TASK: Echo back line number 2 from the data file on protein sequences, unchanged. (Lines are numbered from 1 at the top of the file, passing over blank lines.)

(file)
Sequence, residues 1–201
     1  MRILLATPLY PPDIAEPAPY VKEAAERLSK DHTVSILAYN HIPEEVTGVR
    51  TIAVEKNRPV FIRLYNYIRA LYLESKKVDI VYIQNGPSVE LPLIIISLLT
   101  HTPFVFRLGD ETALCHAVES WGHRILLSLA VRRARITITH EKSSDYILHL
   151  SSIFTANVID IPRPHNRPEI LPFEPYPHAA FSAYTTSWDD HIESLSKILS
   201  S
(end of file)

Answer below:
     1  MRILLATPLY PPDIAEPAPY VKEAAERLSK DHTVSILAYN HIPEEVTGVR